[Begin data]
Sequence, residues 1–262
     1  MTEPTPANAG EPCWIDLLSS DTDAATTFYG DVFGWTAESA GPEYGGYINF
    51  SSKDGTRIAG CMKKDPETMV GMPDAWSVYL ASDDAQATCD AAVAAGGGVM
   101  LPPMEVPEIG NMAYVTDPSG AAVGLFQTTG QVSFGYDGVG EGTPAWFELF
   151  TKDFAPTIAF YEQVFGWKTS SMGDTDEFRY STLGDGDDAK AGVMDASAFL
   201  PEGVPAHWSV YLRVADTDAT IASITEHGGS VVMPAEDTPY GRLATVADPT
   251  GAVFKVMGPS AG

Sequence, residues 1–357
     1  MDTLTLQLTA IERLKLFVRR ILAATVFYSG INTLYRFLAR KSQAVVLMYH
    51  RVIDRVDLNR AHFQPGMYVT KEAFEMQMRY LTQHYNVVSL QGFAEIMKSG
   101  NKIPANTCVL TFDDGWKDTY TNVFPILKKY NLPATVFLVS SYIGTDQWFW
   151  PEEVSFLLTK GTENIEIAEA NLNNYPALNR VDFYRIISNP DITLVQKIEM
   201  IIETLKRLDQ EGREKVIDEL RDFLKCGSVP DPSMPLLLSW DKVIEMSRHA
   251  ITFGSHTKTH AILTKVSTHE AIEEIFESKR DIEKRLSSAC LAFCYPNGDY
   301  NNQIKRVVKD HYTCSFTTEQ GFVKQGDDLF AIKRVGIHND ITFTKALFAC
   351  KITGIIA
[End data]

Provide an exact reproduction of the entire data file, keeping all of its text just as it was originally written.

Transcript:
Sequence, residues 1–262
     1  MTEPTPANAG EPCWIDLLSS DTDAATTFYG DVFGWTAESA GPEYGGYINF
    51  SSKDGTRIAG CMKKDPETMV GMPDAWSVYL ASDDAQATCD AAVAAGGGVM
   101  LPPMEVPEIG NMAYVTDPSG AAVGLFQTTG QVSFGYDGVG EGTPAWFELF
   151  TKDFAPTIAF YEQVFGWKTS SMGDTDEFRY STLGDGDDAK AGVMDASAFL
   201  PEGVPAHWSV YLRVADTDAT IASITEHGGS VVMPAEDTPY GRLATVADPT
   251  GAVFKVMGPS AG

Sequence, residues 1–357
     1  MDTLTLQLTA IERLKLFVRR ILAATVFYSG INTLYRFLAR KSQAVVLMYH
    51  RVIDRVDLNR AHFQPGMYVT KEAFEMQMRY LTQHYNVVSL QGFAEIMKSG
   101  NKIPANTCVL TFDDGWKDTY TNVFPILKKY NLPATVFLVS SYIGTDQWFW
   151  PEEVSFLLTK GTENIEIAEA NLNNYPALNR VDFYRIISNP DITLVQKIEM
   201  IIETLKRLDQ EGREKVIDEL RDFLKCGSVP DPSMPLLLSW DKVIEMSRHA
   251  ITFGSHTKTH AILTKVSTHE AIEEIFESKR DIEKRLSSAC LAFCYPNGDY
   301  NNQIKRVVKD HYTCSFTTEQ GFVKQGDDLF AIKRVGIHND ITFTKALFAC
   351  KITGIIA